The Times Recorder (Newspaper) - January 10, 1971, Zanesville, Ohio The Times Recorder 107TH PAGES SECTIONS ZANESV1LLE, OHIO, 43701 SUNDAY, JANUARY 10, 1971 TWENTY CENTS Good Reading On The Inside Dead Politician Has Illinois In 2-A Littick Family And Newspapers 5-A Past Zanasvillt Area Blizzardi Recalled I-I Julie Says Nixon Will Seek Re-Election Page o-C Priests Had Influence On Liston's Life.....Page 3-D Runaways From Fairfield Co. Home Bodies Of 4 Teenagers Found After Fire Jeane Dixon's Predictions Another Warning Is Issued About Leak In Security By JEANE WXON Copyright 1971, Newsday, Inc. I see 1971 as the "Year of Light." By this I mean that many of the problems facing both America and the world wii move toward solutions that some of us will begin to un- derstand, approve and unite to accomplish! Many people _ are asking questions about the fruitless foray by American soldiers into the prisoner of war camp at Sontay. Apparently my jprevaous warnings of a in America's security chain of command has fallen on deaf ears, so I must repeat that information about U.S. military operations will continue to be passed on to the opposing forces by highly placed officials in two civffian agencies m Washington. These officials passed the security cneck and had-Jjeen "cleared" Jora Ihantfling top< secret Mormationv There-is no the vibrations I get, that the camp at Sontay was deserted hastily as toe result of a tipoff from these civilian officials, just as the Soviets also were alerted to the Cambodian incursion. The reason the commandos came put of the Sontay raid safely, I see, was because the timing for the mission had not been set exactly, and it was left until the last minute to decide the hour. IN 1971 President Nixon will make at least five changes in the White House staff. (The i person responsible for security leaks in the Nixon ad- ministration has left public office to return to civilian pursuits.) He will also make two cabinet changes. The President will begin the year with a still largely disunited people, a hostile Congress, and a drifting foreign policy. But I feel there is no man or woman living who can unite the people unless the people work at being united and from the vibrations I pick feel some people ale going to continue -to jwork disunited, not united country's detriment. Assassination attempts against President Nixon were thwarted by U. S. security forces', as vtffl be other assassination attempts. "A SLOW STEADY growth toward a new prosperous era, spanning the last quarter of this century, wfll begin tfois year. Unemployment wall recede and interest rates wit be eased. By 1975 big changes in the American form of democratic government will be imminent. I see that the country's economic base is firm for the time being. Sabotage. Over three years ago I tried to warn big industry concerning sabotage to their installations. The initial destructive efforts will be against the vulnerable oil storage tanks and oil refineries; next in line wit be power facilities and poiwer lines, then steel and heavy machinery manufacturing installations, including defense industries. This sabotage can be stopped witfr increased security by industry and the application of more stringent laws. Autos. I see coming out of a foreign country an imported -jcaiv-aottoo expensive, propelled, meet aH of the 1975 anti poftutton requirements of thas and wiH make its debut here in-America in 1971. PEOPLE HOWARD Hughes, America's "Mystery is in for some bad times this coming year. I Continued on Page 7-A Official Census Shows Schedule Exhibit Of Moon Rock Drop In Population Here At Muskmgum population In Musfclngum including Zanesvffle, declined 1.7 per cent from to a toss of during past decade, according to final 1970 official population count released by the Census Bureau of Washington yesterday. total dipped from to reflecting.the move to the suburbs wWch reached its peak in the '60s. Sooth Zanesvffle's total count was abo down slightly, to Although a detailed break- down on the village and township populations wfll not be available until later tiiis week, at is expected that the figure for the Zanesvffle metropolitan area will be about The final figures showed little change from those in the preliminary totals released shortly after the census was completed last April 1. The estimated total for Muskingum County at that time was and for Zanesvffle. It was this preliminary count that touched off a wave of protests in Ohio and elsewhere across the land. Literally thousands of cities, large and small, challenged the accuracy of the census, but the Census Bureau insisted that the 1970 count was the most nearly cor- rect ever taken. Five Southeastern and East Central Ohio counties recorded increases in population and six others show decreases. Those with gams were: (1960 census figures shown Athens to Coshocton to Licking to Monroe to and Washington to Counties with declines were: Behnont to Guernsey to Harrison to Morgan to Noble to and Perry to A small rock brought back from the moon by Appollo astronauts will be on display at the Muskingutn College Library for four days starting Monday, Jan. 18. Invitations have been mailed to high schools of Eastern and Southeastern Ohio to send classes of students to the college to view the lunar sample. The public is also in- vited during the hours it is on display, 1 to p.m. each day. The moon rock, which is about three inches in diameter, is sealed in a glass case. When not on display, it wfll be deposited in a safe at the college. Old Trunk Contained Paintings Worth FORECAST Partly Md warmer vtth cbaoce ttowcn snow tt right and Monday. (Details on CINCINNATI (UPI) -When Alfred Stone and James Walter paid the top bid of for an old carved wooden trunk at an auction last week, they were reprimanded by Stone's wife, Maureen. "'If I had attended I wouldn't have let them pay for that old Mrs. Stone said. "Our basement is already full of junk." But Walter and Stone, auction buffs, broke the lock of the trunk. They found several paintings, sketches, water col- ors and engravings. The art works bore the signature of Henry Farney, Deniocrats Celebrate Tomorrow COLUMBUS (UPI) It will be a Democratic day in Colum- bus Monday as John J. Gilligan is inaugurated and his cabinet and other elected officials are sworn in for four year terms. Gilligan's Inaugural Com- mittee has stressed the new governor, Ohio's 62nd, wants to make the ceremonies non-par- tisan and informal, but the Democrats will have particular cause to. celebrate their first control of the Statehouse in eight years. William: J. Brown, the attor- ney general; Gertrude W. Don- ahey, the treasurer, and Joseph T. Ferguson, the. auditor, will be sworn in prior to Gilligan's inauguration, along with Repub- lican holdovers Lt Gov. John W. Brown and Secretary of State Ted W. Brown. The inaugural ceremonies be- gin 11 a.m. with the swear- ing-in slated for noon. Gilligan wall be wearing a business suit, despite the fact the ceremonies will be held on the Statehouse steps, probably in sub-freezing temperatures. A large -delegation .from Gil- Ifgan's immediate family is Richard Boyle, curator of paintings at the Cincinnati Art Museum, said Farney was one of the most prominent artists in the Cincinnati area. He said Farney had concentrated al- most exclusively in painting the- Old settlers and scenery. Stone and Walter asked Boyle to estimate the value of the art works. "About Boyle said. Stone and Walter said they plan to sell the art works and divide ,016 money. Their investment was now worth 400 tunes what they had paid for it. and his wife, Katie, have four children, and Gilligan's mother "was one of 13 children. During the ceremonies, actor John Forsythe will read a special poem written especially for the occasion by Anne Single of Fremont, a campaign worker for Gilligan. After the inauguration, a two- hour gala re- yiew showcasing Ohio talent win be held at the Ohio Theater across the street from the Statehouse. The master of ceremonies will be Norman Nadel, a syndicated drama critic for Scripps- Howard Newspapers in New York. Admission will be and a crowd of is expected. The dnaugnral reception and dinner honoring Gilligan is a Democratic fund-raising affair and wfll cost per couple, and per plate. It was moved from the downtown Neil House to the state Fairgrounds after more than reserva- tions were made. Gillian will deliver a brief speech at the dinner, and come- dian Pat Paulsen will be the guest attraction. Peter Dnchin and Nancy Wil- son will be featured at the Inaugural BaE at 9 p.m. at the Lausche Building on the Fair- grounds. The ball will cost per person or per couple, and a crowd of is anticipated. Dress is optional. Fireman Dies After Rescuing His 2 Children TOLEDO (UPI) Ralph Arthur, a 40-year-old city fire- man, saved his two children from drowning in icy Lake Erie Saturday but tost his own life. Officials said Arthur was riding on a snowmobile near Cullen Park when he saw his son, Ralph Jr., 18, and daughter, Patricia, 15, vanish in the water when their snowmo- bile broke through the ice. The father stopped his machine, jumped into the water and pushed the children onto the ice where passersby came and pulled them out. He also was rescued and rushed to a nospital, where he was pro- nounced dead of apparent shock and heart failure, according to the coroner. French liner Antilles burns near Mustique Island in the Caribbean. Stories Oi Heroism Told After Burning Of Cruise Ship Antilles Barbados men of ship Queen Elizabeth 2 told Saturday of a night of heroism when 635 persons escaped the cruise liner Antilles, "ablaze from stem to stern" and driven hard on an uncharted reef in the dark and choppy Caribbean. All 635 lives were saved but the mffion.Antilles, a sleek ,600-foot- vessel Lines, was destroyed in what a company official described as "a stunning catastrophe." Several American passengers on the Antilles said they were unable to understand the French language orders to abandon ship. Mrs. Marion Schang, 30, 2 Killed la Air Collision But Jetliner Lands Safely EDISON, N.J. (UPI) A flight instructor and a student pilot were killed Saturday when their single engine plane collided in the air with an American Airlines Boeing 707 jetliner. The four engine jetliner, American Airlines flight 30 from San Francisco to New York City, landed safely at Newark Airport without injury to its 14 passengers and crew of seven, "despite extensive dam- according to the airlines.' The light plane, a was cut in half by the collision at feet The front portion, including the cabin, landed in a street at this central New Jersey township. The rear section landed in an office parking lot, a mile away. The instructor, William Squires, 43, Martinsvflle, N.J., and the student pilot, Edmund Ascolese, 18, Port Reading, N.J., were dead on arrival at John F. Kennedy Hospital here. The collision occurred jast after the light plane had taken off from Linden Airport, in Linden, N.J., and as the 130 seat jetliner was making its landing approach into the airport. The pilot, Robert Harrington of Chicago, a veteran of 26 years flying experience, told the airport control tower at pm, "we believe we've had contact with a light plane." He brought the plane to a landing 16 minutes later, just five minutes behmd its sched- uled arrival on the non stop flight, despite "extensive dam- age" to its left wing and a total toss of hydraulic power. Edison police said there were no houses in the vicinity where either section of the Cessna crashed. There was no serious damage at either location. Nixon Celebrates SAN CLEMENTS, Calif. Nixon, claim- ing to feel 20 years younger than his age, quietly celebrated his 58th birthday Saturday with his family at the Western White House. Inside The Times Recorder Page Sec. Bucbwald, Art 8 A Builders Page 5 B Classified Pages........4-7 D Crossword Puzzle 3 B Deaths And Funerals 6 B Financial News 3 B Gift Of Roses 4 A Jeane Dixon 6 C Letters To Editor 6 A Main Stem 4 A Minme Predmore 5 C Money Clips 3 A Ohio News 6 A Ohio Pobtics Profiles Question of Week Radio-TV News Roy Wdkms Page Sec. 4 A 7 C 7 C 7 B 8 B Sally Round 4 C Sports............... 1-4 D Stamps 8 C Theaters 2 B TR-ACTION...............8 D Weather Map 6 A Week In Review.........6 A Zanesvfilian........... 4- B whose husband is a captain stationed-at Ramey-AFB in PuertaTBieo, said; "We stayed on-deck Sir several hoars. But after awhfle they stopped giving announcements in English. "That is the main fault I have with the French line during the entire she said. "We only put on our life jackets after we saw everybody else do it." The Antilles passengers were watching a movie in the ship theater early Friday evening when the ship struck the reef just off the tiny island of Mustique in the Grenadines, a string of islands off tile South American coast. The impact tore a gaping hole in the hidl near the engine room, a fuel line burst and the vessel was soon engulfed in flames. Most of the passengers and crew escaped in lifeboats and made their way to the beaches of Mustique before the fire had made too much headway. Officials said most of the passengers were French, Vene- zuelan and Puerto Rican. Some U.S. mainland residents also were known to be aboard. The first SOS was sounded about p.m. It was picked up by the QE2, Britain's premier monarch of the sea- lanes and the giant ship, already carrying 900 persons, made its way at full speed to the scene. Capt. Bill Warwick, on the bridge of the QE2, steered his way near the shores of Mustique about p.m. and began the dramatic rescue operation. It was about a.m. Saturday before it was over. "The crew of the QE2 was absolutely said QE2 passenger Gerald Healy of Gloucester City, N.J. He told how lifeboats lowered from the QE2 plowed through heavy seas to shore where the passengers, including many "distressed" women, were waiting for rescue. Healy said he watched from the decks of the QE2 about a mile from the Antilles as flames engulfed the ship. "The rescue operation went smoothly." The QE2 picked up 501 passengers and crew. Forty- nine otners were taken in the yacht Cutty Sark to the nearby island of Bequi. Eighty five were aboard the French Line freighter Suffern bound for Barbados. Barn Near Lancaster Destroyed Four charred bodies found in the 4ebns of a burned barn Saturday near here-were identified as those of teenage runaways from the FairfieM County Children's Home, the Fan-field County Sheriff's office reported. They were Jeff Smith, 14; -Conkey, 14; Debra Snyder, 15; and Glordia Knight, 15, who left their school here shortly after noon Friday. The bodies were identified by home officials through personal effects recovered at the fire scene. Sheriff's deputies said the four evidently made their way to the farm of Frank Shull, about eight miles south of Lancaster, late Friday af- ternoon. Schull said the four appeared at his door and one asked him for "scratch" meaning food. Mrs. Shull fixed them some sandwiches and they walked toward a nearby woods. Shull said the barn was not clearly visible from his house but he felt the young people did not enter it before dark. The barn-fire was discovered about a.m. Saturday-and the Berne-Township Volunteer Fire Department got it under control aibout a.m. The first body was. discovered by Shaft's son Raymond, 30, who was kicking about in the smouldering rums. Fairfield County Sheriff Dan Berry was called and two more bodies were found. Several hours later the fourth was found and the sheriff with Coroner Stephen R. Hodsden and Prosecutor John Martin made positive identification. Loss of tiie bam, hay and equipment was estimated at The Shulls did not report the visit of the children to authori- ties because they believed they bad left their farm, since they disappeared over a cKff area. The tin-roof barn was out of sight A missing report was not issued until early Saturday to local police. A coroner's inquest is to be held in the multiple deaths. A state fire marshal also was on the scene, but poHce said there were only theories on what started the blaze. It appeared the fire originated in the south section, as it had coHapsed by the time volunteer firemen arrived. One body was found in the midsection and the others in the north end, leading officials to speculate they may nave tried to flee from the end where the fire started, or per- haps they were sleeping in that section. "There was just one half of a torso in the a deputy said. "It was burned pretty badly. Nearby there was a pfle of bones. "There was nothing but bones laying there. You could just see the rib cages." Received Over 50 Inquiries This advertiser was pleased with the results from Classified Ad shown below. The ad drew over 90 telephone calls and the home was rented Immediately. 2 BEDROOM fully mobile home. Fully furnished. Phone If you have rental property that is vacant just dial and let a fast acting Wanted start working for you.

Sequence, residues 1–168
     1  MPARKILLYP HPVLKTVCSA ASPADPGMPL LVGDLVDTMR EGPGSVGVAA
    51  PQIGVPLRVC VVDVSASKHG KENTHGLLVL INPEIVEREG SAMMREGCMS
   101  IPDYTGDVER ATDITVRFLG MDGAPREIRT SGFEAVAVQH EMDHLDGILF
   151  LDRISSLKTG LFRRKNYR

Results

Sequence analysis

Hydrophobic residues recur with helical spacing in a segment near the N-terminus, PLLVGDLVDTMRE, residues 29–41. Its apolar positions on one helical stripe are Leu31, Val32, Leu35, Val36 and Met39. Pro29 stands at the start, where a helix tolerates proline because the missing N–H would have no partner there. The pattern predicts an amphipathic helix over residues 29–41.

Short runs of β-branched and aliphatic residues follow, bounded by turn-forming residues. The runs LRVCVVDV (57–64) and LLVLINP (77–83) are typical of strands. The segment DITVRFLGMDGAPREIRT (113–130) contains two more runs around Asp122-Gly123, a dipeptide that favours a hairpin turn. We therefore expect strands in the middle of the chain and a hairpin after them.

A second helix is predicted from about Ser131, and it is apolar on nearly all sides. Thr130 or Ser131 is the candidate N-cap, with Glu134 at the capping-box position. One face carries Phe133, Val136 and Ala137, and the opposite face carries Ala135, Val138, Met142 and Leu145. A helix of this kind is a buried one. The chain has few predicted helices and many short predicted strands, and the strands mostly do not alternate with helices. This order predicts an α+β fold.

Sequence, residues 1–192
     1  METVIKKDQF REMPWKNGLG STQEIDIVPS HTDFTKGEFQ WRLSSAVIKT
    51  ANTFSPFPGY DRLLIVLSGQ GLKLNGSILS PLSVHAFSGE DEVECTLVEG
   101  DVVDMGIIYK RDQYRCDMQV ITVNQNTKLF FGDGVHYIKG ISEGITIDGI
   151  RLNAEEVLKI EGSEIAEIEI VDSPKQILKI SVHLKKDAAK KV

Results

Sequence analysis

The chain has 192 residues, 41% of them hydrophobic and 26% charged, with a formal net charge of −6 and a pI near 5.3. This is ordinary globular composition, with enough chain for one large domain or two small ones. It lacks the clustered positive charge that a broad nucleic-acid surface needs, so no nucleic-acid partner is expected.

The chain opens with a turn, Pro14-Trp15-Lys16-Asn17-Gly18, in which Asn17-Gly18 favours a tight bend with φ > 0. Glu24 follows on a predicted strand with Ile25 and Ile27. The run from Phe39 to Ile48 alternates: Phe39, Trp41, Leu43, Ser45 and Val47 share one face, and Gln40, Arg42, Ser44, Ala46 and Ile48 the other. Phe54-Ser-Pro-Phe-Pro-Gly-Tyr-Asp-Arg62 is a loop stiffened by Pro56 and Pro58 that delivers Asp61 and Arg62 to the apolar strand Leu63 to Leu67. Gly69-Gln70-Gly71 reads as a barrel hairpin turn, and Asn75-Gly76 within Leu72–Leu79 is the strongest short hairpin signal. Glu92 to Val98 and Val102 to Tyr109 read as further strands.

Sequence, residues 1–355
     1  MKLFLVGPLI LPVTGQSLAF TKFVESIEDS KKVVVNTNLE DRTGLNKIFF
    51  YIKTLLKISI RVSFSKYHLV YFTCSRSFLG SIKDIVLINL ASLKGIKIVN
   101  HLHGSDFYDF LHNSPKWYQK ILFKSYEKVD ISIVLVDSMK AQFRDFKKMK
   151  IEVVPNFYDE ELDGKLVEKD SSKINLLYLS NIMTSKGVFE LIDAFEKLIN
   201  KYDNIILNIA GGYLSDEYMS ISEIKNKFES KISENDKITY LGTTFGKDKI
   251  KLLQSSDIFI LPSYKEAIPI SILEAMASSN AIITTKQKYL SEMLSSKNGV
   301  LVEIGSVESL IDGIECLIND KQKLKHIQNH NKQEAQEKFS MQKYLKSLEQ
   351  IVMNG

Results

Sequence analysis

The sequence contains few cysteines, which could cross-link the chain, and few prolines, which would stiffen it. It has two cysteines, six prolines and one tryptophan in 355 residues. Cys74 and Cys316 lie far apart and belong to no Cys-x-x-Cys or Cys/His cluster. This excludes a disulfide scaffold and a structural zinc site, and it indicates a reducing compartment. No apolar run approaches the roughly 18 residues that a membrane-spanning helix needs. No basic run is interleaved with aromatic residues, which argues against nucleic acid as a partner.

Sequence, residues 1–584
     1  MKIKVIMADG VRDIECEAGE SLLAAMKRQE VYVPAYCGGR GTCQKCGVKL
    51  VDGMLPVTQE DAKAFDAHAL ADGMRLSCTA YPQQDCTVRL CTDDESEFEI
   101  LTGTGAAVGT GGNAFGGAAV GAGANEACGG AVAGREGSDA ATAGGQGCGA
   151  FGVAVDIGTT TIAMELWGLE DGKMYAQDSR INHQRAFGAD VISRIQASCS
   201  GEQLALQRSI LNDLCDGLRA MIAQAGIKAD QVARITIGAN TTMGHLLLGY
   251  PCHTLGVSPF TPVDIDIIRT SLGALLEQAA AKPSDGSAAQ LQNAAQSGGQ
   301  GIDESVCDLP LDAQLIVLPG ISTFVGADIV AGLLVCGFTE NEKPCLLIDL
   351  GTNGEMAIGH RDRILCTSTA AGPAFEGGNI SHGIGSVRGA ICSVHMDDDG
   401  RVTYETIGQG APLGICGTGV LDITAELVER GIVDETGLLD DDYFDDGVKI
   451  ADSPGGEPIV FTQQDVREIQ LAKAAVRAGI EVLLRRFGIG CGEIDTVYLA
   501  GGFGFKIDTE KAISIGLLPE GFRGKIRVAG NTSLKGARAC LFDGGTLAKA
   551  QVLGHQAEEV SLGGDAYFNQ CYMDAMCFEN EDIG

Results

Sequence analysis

Once upon a time newspapers were our main source of information. Now those old newspapers are a reliable source for hundreds of years of history and secrets of the past. Now you can search for people, places, and events without the hassle of sorting through mountains of papers!
Newspaper Archive is the world's largest online newspaper database featuring over 130 million newspaper pages. Plus our database expands by one newspaper page per second for a total of around 2.5 million pages per month! The value of your membership grows along with it.
Those looking to find out more about their forefathers can empower their genealogy search with Newspaper Archive. Within our massive database, users can search ancestors' names for news stories and obituaries. We must understand our past to understand our future!
24 hours a day Monday-Saturday
Your full introductory membership payment will be credited toward the cost of full membership any time you choose to upgrade!
"It is amazing how easy and exciting it is to access all of this information! I found hundreds of articles about my relatives from Germany! Well worth the subscription!" - Michael S.
"I love this site. It's interesting to read articles about different family members. I've found articles as well as an obituary about an uncle who passed away before I was born, and another about a great aunt. It's great for helping with genealogy." - Patricia T.
"A great research tool. Allows me to view events and gives me incredible insight into the stories of the past." - Charles S.